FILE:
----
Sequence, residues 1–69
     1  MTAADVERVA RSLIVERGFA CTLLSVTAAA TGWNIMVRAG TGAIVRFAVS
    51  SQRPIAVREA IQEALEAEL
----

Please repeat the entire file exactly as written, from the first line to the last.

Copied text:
Sequence, residues 1–69
     1  MTAADVERVA RSLIVERGFA CTLLSVTAAA TGWNIMVRAG TGAIVRFAVS
    51  SQRPIAVREA IQEALEAEL